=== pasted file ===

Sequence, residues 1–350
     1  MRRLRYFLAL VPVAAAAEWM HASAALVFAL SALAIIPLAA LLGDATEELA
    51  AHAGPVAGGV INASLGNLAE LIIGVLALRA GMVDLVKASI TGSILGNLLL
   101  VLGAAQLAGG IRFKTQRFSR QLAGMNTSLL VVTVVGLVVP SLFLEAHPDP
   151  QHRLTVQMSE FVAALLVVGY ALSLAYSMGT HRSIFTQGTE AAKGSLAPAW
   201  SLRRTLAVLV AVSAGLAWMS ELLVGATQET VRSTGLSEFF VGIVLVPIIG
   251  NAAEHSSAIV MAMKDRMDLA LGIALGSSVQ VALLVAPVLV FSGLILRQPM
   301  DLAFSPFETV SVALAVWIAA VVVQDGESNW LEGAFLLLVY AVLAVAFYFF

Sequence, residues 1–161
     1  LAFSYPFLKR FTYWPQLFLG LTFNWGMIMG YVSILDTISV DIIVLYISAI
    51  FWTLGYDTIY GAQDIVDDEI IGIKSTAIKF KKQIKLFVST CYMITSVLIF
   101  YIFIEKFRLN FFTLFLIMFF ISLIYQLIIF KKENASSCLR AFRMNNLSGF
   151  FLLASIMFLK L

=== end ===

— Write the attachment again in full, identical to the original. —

Sequence, residues 1–350
     1  MRRLRYFLAL VPVAAAAEWM HASAALVFAL SALAIIPLAA LLGDATEELA
    51  AHAGPVAGGV INASLGNLAE LIIGVLALRA GMVDLVKASI TGSILGNLLL
   101  VLGAAQLAGG IRFKTQRFSR QLAGMNTSLL VVTVVGLVVP SLFLEAHPDP
   151  QHRLTVQMSE FVAALLVVGY ALSLAYSMGT HRSIFTQGTE AAKGSLAPAW
   201  SLRRTLAVLV AVSAGLAWMS ELLVGATQET VRSTGLSEFF VGIVLVPIIG
   251  NAAEHSSAIV MAMKDRMDLA LGIALGSSVQ VALLVAPVLV FSGLILRQPM
   301  DLAFSPFETV SVALAVWIAA VVVQDGESNW LEGAFLLLVY AVLAVAFYFF

Sequence, residues 1–161
     1  LAFSYPFLKR FTYWPQLFLG LTFNWGMIMG YVSILDTISV DIIVLYISAI
    51  FWTLGYDTIY GAQDIVDDEI IGIKSTAIKF KKQIKLFVST CYMITSVLIF
   101  YIFIEKFRLN FFTLFLIMFF ISLIYQLIIF KKENASSCLR AFRMNNLSGF
   151  FLLASIMFLK L